Washington’s version of the CCPA, the Washington Privacy Act, suffered a similar fate a month ago after a similar fallout over the same private right of action question.
The failure of both Washington and Florida to pass comprehensive privacy laws – along with California’s and Virginia’s passage of comprehensive privacy laws that include a private right … Keep reading
The United States remains one of the few developed countries without a central, comprehensive federal privacy and data security law. Accordingly, websites that only collect information from U.S. residents have some of the loosest requirements with respect to disclosures and rights. However, most U.S. states have some sort of data security and privacy law requiring websites to post a privacy notice. The Federal Trademark Commission (FTC) has broad authority to regulate activities deemed … Keep reading
- Adopt Appropriate Security Measures: The GDPR requires organizations to implement appropriate technical and organizational measures to ensure a level of security appropriate to the risk posed to individuals by the organization’s processing of their personal data. This is a flexible standard, and while no specific measure is strictly prescribed by the GDPR, hundreds of organizations have already been fined for failing to implement appropriate security measures. For instance, sanctions have been imposed for failing to encrypt personal data, failing to train employees on data security, failing to conduct risk assessments, and even inadvertent disclosures due to human error.
- Ensure There Is a ‘Lawful Basis’ for Processing Personal Data: there are six, and only six, justifications (each called a “lawful basis”) for processing personal data
… Keep reading
One of the more operationally challenging components of the General Data Protection Regulation (GDPR), was the restriction on transferring European personal data to recipients outside of the European Economic Area (EEA). Essentially, unless an exception or some additional GDPR-approved mechanism applies, European personal data cannot be transferred to non-EEA countries unless the data is being transferred:
- within a related multinational group of companies who have adopted an internal code of conduct (called “binding corporate rules”) that applies to restricted transfers of personal data from the group’s EEA entities to non-EEA group that has been approved by an EEA supervisory authority;
- between an EEA-based data exporter and a non-EEA-based data importer who have entered into a contractual agreement that adopts a set of “standard contractual clauses” adopted by the European Commission; or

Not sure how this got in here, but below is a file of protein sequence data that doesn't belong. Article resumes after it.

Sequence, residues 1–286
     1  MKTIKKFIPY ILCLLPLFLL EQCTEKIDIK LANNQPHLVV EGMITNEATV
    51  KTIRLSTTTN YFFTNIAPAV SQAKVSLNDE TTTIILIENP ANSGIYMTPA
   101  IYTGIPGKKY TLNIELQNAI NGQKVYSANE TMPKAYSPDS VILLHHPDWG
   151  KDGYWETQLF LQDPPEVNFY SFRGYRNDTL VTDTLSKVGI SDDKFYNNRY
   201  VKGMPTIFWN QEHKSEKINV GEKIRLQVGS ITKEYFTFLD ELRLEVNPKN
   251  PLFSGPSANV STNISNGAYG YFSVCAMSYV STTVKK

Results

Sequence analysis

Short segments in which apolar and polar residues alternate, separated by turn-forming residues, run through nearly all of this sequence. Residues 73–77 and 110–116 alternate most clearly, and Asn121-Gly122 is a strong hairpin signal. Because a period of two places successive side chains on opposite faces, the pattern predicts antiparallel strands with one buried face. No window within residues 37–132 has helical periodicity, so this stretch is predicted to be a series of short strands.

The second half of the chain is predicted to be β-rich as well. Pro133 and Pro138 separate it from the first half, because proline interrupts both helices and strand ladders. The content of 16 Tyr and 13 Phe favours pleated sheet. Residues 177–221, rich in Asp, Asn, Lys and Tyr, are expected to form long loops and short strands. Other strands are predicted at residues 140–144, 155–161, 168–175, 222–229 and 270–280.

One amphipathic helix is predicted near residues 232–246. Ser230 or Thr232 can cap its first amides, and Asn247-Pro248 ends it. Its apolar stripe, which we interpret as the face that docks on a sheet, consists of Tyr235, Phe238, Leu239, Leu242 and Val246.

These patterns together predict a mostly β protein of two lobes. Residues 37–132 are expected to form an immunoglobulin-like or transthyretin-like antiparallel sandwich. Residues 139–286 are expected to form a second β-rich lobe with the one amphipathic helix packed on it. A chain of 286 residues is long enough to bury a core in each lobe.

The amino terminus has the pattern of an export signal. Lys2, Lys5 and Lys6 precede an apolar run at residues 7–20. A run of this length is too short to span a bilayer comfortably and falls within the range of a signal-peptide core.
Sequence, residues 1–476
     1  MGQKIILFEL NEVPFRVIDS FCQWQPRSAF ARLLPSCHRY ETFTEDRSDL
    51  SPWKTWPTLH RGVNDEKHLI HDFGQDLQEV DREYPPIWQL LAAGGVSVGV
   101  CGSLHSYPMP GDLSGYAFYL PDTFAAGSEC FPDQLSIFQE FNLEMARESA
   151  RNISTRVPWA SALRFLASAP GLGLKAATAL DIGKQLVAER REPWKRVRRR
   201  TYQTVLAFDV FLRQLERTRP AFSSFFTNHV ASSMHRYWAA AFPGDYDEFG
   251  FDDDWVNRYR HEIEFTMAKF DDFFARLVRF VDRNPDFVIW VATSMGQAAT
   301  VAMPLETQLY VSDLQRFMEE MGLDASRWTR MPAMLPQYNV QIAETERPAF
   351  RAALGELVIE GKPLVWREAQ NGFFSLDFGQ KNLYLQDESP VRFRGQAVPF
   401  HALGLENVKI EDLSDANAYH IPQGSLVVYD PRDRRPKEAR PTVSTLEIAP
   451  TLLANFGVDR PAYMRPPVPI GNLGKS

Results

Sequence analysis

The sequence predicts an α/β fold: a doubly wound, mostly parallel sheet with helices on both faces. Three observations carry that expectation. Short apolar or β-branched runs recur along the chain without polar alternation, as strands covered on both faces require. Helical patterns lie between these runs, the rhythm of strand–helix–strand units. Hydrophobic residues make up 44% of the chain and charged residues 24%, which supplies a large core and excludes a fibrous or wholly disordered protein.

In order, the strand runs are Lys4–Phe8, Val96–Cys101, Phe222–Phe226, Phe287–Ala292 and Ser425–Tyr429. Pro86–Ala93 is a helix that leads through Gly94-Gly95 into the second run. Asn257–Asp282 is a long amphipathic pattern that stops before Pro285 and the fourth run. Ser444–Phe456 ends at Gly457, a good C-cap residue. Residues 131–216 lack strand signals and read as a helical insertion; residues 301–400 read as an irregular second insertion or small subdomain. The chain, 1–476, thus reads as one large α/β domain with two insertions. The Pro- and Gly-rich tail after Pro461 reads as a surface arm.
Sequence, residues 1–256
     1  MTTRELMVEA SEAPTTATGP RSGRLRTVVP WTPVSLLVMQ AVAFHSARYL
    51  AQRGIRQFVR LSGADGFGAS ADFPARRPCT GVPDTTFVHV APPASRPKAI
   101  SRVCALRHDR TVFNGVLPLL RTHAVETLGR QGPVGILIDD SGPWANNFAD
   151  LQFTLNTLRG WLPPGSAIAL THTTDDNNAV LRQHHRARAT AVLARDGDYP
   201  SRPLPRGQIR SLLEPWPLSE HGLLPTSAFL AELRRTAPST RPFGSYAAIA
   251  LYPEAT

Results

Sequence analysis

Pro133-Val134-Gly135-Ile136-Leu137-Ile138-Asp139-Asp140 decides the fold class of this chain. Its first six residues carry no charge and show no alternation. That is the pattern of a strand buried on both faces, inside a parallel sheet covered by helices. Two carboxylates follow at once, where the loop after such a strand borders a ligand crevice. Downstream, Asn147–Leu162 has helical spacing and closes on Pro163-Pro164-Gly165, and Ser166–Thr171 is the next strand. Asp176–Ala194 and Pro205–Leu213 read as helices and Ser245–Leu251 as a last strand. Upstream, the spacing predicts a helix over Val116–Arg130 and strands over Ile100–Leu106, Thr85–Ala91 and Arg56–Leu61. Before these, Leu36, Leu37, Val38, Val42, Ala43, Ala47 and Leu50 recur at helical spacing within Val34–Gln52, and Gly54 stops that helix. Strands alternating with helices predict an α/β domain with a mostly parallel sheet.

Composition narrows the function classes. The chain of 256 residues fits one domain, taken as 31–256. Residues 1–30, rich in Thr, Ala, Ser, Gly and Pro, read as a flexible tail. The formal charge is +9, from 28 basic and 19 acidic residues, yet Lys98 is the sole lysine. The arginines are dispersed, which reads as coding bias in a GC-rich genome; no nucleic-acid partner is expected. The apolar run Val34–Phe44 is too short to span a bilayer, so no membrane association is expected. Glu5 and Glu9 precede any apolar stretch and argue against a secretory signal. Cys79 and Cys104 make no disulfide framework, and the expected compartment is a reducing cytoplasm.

- to a jurisdiction that the European Commission has issued an “adequacy decision,” finding that such jurisdiction has adopted “adequate” data protection safeguards. As of the writing of this article, this list of jurisdictions was limited to Andorra, Argentina, commercial organizations in Canada, Faroe Islands, Guernsey, Israel, Isle of Man, Japan, Jersey, New Zealand, Switzerland, and Uruguay. Importantly, up until last week, U.S.
… Keep reading
Under the GDPR, data controllers are tasked with communicating to data subjects how their data is processed in a way that is both concise and transparent. From a consumer-protection perspective, this is undoubtedly one of the regulation’s more commendable requirements; as many who have drafted website privacy policies understand, there is often tension between the twin goals of concision and transparency. Providing fully transparent disclosure about data-processing activities, while keeping such disclosures brief and easily readable, can be a tricky balance to strike.
One question the GDPR may prompt is whether it makes sense for an organization to maintain separate residency-dependent privacy policies, or a single, all-encompassing policy. There are pros and cons to each, and what works best for a particular organization will often depend on the operational impact of each, as well as the usability of each by the relevant data subjects.
The Multiple Privacy Policies Approach
Organizations that treat data-subject information differently depending on its origination point, or that opt not to extend the enhanced protections offered under the GDPR to non-European data subjects, may prefer to maintain separate residency-dependent privacy policies.
In this instance, the benefit is that each policy can be tailored, … Keep reading
As the effective date of the General Data Protection Regulation (GDPR) draws near, companies that collect, process, and use data relating to EU citizens need to be thinking proactively about issues they will face under the new directive. This post summarizes the discrete issue of how companies should start to manage data mining and data usage activities. Stay tuned as we continue to keep you updated in this space.
As most are probably by now aware, the GDPR seeks to regulate the use and disclosure of the personal data of all individuals within the 28 EU member states. Though passed into law in May 2016, it does not become enforceable until May 25, 2018. Unlike most privacy regulations in the U.S., the EU defines the term “personal data” broadly—it includes “any information relating to an identified or identifiable natural person (the ‘data subject’).” This means that even the most basic contact information, such as business card details or simply a name and email address, falls under the GDPR’s protections. Public sources of information, such as a residential phone listing, are not exempted from the GDPR’s restrictions.
To legally handle EU personal information harvested from third-party sources after May 25, … Keep reading